Foreign institutional investors (FIIs) investing directly in Indian stocks will have to face the prospect of paying a 10% short-term capital gains tax on their portfolio investments.
The Authority for Advance Ruling (AAR) on Monday gave a new dimension to the tax-treatment of income earned by FIIs investing directly in Indian stocks. In a landmark ruling given to US- and Canada-based Fidelity Group, the quasi judicial authority has ruled that the income from sale of Indian equities by the 38-odd off-shore funds managed by this group will be treated as capital gains.
What this implies is that the profits of these funds from investments in securities will be treated as capital gains and not as business income. In short, it could mean that they can only invest in shares and not trade in them.
The AAR provides a ruling on the potential tax liabilities of foreign investors operating in India. The latest ruling could mean that foreign portfolio investors may have to pay a 10% capital gains tax, if they off-load shares within one year of holding them. Investments in stocks, if held for a year or more, are exempt from long-term capital gains tax.
The ruling will, however, not have any impact on FIIs routing investments through Mauritius or Singapore. Mauritius does not tax capital gains and Mauritius-based FIIs are exempted from paying capital gains tax here. This benefit has now been extended to Singapore-based FIIs under the improved protocol on double taxation between India and Singapore, subject to certain conditions. A bulk of portfolio investments flowing into India is routed through Mauritius given the beneficial tax treatment accorded to firms registered there.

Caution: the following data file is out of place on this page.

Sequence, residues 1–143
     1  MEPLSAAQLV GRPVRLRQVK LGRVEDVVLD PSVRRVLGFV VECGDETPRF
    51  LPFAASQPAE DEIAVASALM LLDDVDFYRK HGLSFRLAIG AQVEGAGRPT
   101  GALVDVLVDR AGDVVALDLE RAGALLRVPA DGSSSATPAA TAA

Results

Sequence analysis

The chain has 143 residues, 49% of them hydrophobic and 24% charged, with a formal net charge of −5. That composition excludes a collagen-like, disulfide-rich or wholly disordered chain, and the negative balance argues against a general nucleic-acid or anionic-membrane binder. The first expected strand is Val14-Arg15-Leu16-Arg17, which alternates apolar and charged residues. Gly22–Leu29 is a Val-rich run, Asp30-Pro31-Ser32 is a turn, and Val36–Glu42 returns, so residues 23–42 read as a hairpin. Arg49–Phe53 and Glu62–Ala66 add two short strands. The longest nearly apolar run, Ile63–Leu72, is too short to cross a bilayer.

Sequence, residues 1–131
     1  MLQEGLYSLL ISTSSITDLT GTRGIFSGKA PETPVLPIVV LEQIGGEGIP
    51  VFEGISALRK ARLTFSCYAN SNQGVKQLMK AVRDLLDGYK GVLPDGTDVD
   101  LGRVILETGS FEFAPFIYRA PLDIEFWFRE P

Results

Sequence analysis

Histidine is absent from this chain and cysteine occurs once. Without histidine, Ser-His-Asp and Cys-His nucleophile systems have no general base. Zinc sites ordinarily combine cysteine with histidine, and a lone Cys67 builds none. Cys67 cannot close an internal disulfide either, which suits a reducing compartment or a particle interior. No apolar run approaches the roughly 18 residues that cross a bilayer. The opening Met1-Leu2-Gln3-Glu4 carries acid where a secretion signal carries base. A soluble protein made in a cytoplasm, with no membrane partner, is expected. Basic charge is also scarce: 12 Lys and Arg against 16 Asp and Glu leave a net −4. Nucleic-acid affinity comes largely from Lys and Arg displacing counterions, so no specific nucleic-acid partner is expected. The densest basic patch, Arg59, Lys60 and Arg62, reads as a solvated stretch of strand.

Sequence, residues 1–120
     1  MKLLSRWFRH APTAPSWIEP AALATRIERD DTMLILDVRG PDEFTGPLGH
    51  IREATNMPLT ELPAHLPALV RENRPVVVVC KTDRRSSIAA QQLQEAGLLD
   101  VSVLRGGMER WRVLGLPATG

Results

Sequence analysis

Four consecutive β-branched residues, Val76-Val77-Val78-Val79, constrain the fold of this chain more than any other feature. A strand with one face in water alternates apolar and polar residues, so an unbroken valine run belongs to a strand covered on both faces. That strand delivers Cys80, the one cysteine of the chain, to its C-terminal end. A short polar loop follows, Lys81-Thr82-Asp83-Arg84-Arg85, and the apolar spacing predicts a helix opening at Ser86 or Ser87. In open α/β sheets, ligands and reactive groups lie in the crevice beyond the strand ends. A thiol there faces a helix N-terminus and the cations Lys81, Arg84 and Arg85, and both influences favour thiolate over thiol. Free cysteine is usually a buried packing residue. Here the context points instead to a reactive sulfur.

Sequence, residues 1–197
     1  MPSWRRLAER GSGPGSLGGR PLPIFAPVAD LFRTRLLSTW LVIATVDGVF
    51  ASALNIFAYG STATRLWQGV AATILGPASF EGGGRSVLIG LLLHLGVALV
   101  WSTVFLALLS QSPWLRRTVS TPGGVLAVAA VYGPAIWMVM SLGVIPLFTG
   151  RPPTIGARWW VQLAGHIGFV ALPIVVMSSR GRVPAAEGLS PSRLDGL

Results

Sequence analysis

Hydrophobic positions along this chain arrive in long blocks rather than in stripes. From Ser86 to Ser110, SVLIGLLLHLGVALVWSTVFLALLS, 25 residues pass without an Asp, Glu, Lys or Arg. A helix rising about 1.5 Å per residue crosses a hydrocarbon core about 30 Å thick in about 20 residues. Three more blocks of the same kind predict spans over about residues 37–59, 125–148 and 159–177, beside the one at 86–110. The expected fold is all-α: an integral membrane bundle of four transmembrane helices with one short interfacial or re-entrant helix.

The AARs ruling comes as a blow to several US-based FIIs, who were hoping to get a capital gains tax waiver. These FIIs were banking on an earlier ruling by the authority to Fidelity Series VIII.
The AAR had held that the trading income of this company would be taxable only in the US and not in India as it did not have a permanent establishment (PE) here. After this ruling, around 38 FIIs of the Fidelity Group, having a similar structure and operating through sub-accounts, sought a ruling on the tax treatment on investments in shares in India. Although an advance ruling is binding only on the applicant and the tax department, it has a persuasive value as other taxpayers can quote this ruling. A copy of the latest ruling is awaited, but government sources have confirmed the latest development.